"It was not until I reached the age of 29 that I joined the Australian Labor Party, as a recently appointed economic adviser to [Western Australian] Senator Peter Walsh in the new Hawke government.
"Peter did not insist on party membership but on rigor in defence of a strong economy and the truly disadvantaged (as opposed to 'rent-seeking spivs', 'hairy-legged Stalinists' and anyone guilty of 'economic treachery').
"Some say competitive markets bring out the worst in us - greed and avarice.
"Oddly, they don't say the same about the Olympic Games, football or cricket, netball, music and dance competitions, all based on our most competitive instincts.
"As Bob Hawke used to advise me as a fresh recruit to his staff in 1986 when teaching me the intricacies of betting on horse racing: 'Son, in any race, back the horse called Self Interest, because you know it will be trying'.
"The Hawke Government began opening up the economy, dismantling the regulatory shackles that had been progressively applied over decades of mainly conservative governments.
"I came to understand that those Liberal-National Party governments were not champions of free enterprise but of private enterprise (although they quite liked the ideas of socialising private losses by bailing out insolvent businesses).
"The conservatives were keen regulators, protecting their private business supporters from competition at home and from abroad.
"Labor was making itself the party of competition and compassion.
"Out of the proceeds of growth, the Hawke government was lifting school completion rates, supporting the parents of poor children to keep them at school.
"My moral questions were being answered through the competitive yet compassionate philosophy of the Hawke and Keating Labor governments - a philosophy that sat easily with Adam Smith's Theory of Moral Sentiments and The Wealth of Nations.
"There was, I concluded, no inherent conflict between markets and morality."
It's worth recalling that ex-senator Peter Walsh played a key determining role in the Hawke government's crucial early years and that he had been similarly influenced in academe - by University of WA agricultural economist, Henry Schapper - showing again that the stakes in academe's arguments may be financially low, but can be crucially determining beyond the walls of ivory towers.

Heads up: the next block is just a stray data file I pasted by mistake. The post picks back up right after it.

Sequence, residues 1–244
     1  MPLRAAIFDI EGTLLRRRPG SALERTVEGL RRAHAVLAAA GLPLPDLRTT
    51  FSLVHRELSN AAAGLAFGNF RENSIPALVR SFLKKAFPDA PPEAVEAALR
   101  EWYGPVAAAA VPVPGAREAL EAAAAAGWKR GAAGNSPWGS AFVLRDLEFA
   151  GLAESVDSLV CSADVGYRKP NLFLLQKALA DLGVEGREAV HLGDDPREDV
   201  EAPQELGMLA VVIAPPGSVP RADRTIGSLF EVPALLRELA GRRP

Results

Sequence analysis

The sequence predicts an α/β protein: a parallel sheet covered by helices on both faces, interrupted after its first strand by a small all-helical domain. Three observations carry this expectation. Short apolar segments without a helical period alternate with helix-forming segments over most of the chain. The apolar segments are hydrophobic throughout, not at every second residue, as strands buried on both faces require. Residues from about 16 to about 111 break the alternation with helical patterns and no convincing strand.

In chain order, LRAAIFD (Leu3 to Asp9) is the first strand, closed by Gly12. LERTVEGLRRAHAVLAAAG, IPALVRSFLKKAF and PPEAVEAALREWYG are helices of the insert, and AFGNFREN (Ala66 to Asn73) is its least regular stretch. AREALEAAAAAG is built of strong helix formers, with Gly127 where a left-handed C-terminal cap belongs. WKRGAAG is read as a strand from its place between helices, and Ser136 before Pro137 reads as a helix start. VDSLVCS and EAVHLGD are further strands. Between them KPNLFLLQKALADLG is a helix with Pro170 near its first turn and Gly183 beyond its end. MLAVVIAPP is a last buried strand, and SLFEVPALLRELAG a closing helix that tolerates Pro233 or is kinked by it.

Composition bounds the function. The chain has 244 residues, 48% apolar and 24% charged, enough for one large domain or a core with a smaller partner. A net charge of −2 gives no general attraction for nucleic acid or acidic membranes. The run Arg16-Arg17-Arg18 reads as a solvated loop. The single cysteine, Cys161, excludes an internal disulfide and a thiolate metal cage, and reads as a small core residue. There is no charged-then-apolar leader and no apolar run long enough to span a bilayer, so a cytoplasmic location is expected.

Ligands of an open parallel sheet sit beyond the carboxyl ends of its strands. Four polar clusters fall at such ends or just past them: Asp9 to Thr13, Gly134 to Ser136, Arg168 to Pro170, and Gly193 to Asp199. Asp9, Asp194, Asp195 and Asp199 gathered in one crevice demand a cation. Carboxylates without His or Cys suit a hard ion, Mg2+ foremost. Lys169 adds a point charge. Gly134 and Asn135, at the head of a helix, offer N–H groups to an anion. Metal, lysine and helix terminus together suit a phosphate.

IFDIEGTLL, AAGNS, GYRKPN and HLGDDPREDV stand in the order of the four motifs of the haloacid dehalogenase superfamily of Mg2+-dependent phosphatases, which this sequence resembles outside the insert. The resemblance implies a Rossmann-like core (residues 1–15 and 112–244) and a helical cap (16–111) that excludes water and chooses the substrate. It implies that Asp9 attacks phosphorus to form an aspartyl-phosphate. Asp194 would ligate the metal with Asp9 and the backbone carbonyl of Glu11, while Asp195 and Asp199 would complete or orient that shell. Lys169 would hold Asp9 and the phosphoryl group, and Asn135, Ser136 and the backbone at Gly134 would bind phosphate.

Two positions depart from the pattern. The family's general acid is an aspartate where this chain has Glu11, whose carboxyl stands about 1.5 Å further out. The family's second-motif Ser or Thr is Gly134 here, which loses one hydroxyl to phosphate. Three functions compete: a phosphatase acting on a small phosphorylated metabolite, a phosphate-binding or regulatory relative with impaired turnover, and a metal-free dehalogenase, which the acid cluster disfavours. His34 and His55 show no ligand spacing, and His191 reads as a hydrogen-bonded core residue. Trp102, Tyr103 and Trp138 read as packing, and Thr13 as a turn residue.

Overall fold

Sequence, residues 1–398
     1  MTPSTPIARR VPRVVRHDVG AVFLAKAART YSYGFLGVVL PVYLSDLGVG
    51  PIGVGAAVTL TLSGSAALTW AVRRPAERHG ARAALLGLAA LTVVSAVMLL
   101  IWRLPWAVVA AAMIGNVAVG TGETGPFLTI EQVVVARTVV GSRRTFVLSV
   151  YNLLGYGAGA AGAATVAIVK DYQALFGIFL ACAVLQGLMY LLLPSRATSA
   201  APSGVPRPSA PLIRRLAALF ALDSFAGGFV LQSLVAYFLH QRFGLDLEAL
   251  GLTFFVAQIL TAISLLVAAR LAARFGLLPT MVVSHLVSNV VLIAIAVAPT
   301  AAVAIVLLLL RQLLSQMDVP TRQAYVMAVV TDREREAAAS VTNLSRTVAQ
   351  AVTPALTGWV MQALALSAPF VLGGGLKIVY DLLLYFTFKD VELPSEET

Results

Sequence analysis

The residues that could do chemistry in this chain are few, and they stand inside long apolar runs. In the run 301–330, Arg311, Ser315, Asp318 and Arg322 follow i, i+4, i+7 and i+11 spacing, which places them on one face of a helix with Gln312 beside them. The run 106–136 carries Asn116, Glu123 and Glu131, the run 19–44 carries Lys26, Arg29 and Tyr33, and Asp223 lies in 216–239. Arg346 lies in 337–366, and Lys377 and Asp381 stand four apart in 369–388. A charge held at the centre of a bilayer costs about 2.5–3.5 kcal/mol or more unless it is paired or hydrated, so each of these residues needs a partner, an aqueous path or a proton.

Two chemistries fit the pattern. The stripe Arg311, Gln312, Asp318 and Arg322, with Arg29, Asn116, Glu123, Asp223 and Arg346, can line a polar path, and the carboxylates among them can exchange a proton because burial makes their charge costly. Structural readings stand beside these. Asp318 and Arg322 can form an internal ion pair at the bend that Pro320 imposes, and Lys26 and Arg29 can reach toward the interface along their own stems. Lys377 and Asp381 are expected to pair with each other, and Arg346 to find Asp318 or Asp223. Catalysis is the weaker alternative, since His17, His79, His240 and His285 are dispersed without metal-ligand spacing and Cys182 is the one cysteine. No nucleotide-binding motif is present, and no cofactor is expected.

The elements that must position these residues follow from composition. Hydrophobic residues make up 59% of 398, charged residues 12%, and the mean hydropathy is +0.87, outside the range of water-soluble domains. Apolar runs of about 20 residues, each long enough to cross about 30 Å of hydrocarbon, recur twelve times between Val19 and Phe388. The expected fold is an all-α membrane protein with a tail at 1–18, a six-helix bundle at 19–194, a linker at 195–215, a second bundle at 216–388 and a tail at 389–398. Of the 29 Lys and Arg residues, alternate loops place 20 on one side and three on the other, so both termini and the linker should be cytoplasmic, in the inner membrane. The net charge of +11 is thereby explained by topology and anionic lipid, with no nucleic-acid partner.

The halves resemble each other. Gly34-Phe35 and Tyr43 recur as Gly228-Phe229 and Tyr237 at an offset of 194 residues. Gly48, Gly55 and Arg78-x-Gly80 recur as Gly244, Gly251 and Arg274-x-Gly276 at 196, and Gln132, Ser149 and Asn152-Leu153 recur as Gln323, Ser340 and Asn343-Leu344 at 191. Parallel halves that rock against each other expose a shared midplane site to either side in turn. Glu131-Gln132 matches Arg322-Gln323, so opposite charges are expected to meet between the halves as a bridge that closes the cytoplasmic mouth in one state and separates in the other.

The Hawke government's economic policy reforms certainly demonstrate this.
Let's hope, therefore, Dr Emerson's role over coming years does likewise.
However, his Sydney Institute address reveals much more.
"Market democrats oppose the relentless expansion of the welfare state, where higher taxes are used to obtain revenue for recycling - often to the same people - in return for political support," Dr Emerson said.
"This was the hallmark of the previous Liberal-National Party government and, judging by the objections of the opposition leader, the shadow treasurer and the shadow minister for families to means-testing the baby bonus and family payments for stay-at-home mothers, remains a defining feature of the Coalition.
"The modern welfare state extends beyond recycling tax revenue; it is a state of ever-expanding government regulation.
"This regulatory welfare reinforces the culture of dependency, by discouraging people from taking responsibility for their own actions and their own lives.
"Regulatory welfare is inimical to a market democracy, since it discourages individual initiative and business risk taking."
Clearly Dr Emerson is a well-qualified minister, one with the same far-sighted commitments.
What worries State Scene is that Dr Emerson's ideals may not be fully realised.
There are lots of spoilers out there ready to do their damnedest to see things pan out differently; generally for the high dollar stakes Dr Kissinger undoubtedly had in mind.
For those who see that as a spoiling remark, read Peter Walsh's telling political biography, Confessions of a Failed Finance Minister, especially the sections when Labor's pork barrels and vote-buying were rolled out.
Best wishes, Dr Emerson.